Weekend Coffee Share 24th July, 2016

Welcome to Another Weekend Coffee Share!

If we were having coffee today, you’d be wanting to throw out your slippers and put on your dancing shoes. I spent the afternoon at a my daughter’s somewhat casual mid-year dance concert and we stayed on to the last session to see the teens dance, which totally blew me out of my mind. I didn’t think the human body was capable of such movement without snapping. For someone who lives and breathes inside their head, to see the human body explored and extended in this way was incredible…especially as I battle with a debilitating muscle wasting disease, which has fortunately been in remission for two years and while I’ neither nimble or graceful, I’m walking…and I’m still breathing. These days, I can easily forget how far I’ve come.

How was your week? Hope things went well.

Last Wednesday, I attended a local Authors and Illustrators Forum.  This was the second year it was held and I met a great group of writers and illustrators while taking some valuable tips away from the talk. Probably the most important take home for me, was deciding to get my manuscript for “The Quest: Letters To Dead Poets” professionally critiqued. I decided to put it aside to stew after writing it during the A-Z April Challenge and to be perfectly honest, I had to have a break from  that phenomenal intensity and get back to the “real world” for a bit. Working towards this professional critique gives me an interim, achievable goal rather than shooting straight towards publishing. This still means I have a lot of work ahead.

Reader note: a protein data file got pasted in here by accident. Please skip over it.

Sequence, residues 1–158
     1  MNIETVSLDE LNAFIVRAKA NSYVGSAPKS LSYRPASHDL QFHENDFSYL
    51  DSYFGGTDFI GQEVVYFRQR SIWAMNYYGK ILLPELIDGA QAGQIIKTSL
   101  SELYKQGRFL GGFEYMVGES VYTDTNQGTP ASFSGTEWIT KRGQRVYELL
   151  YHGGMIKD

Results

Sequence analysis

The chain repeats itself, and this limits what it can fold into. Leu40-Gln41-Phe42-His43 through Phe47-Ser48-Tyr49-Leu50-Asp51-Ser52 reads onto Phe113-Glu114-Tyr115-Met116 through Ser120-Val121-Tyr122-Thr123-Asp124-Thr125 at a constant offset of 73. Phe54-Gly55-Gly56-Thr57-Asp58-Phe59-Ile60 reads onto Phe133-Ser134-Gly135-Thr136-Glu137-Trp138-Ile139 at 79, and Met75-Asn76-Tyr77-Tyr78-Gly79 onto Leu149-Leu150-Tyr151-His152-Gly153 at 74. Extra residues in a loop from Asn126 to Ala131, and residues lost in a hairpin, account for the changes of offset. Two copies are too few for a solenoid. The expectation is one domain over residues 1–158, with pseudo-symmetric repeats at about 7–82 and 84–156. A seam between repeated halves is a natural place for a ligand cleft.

Meanwhile, just for something chillaxing, my frustrations with my family history and trying to find where John Gardiner came from continues. I’ve hit some brick walls with my research before but nothing like this. Until I find John Gardiner’s death certificate or possibly his arrival details, I have no idea whether our Gardiner family is English, Irish or Scottish. While this might appear semantic, when you have an Irish Australian identity, it could ruffle a few feathers.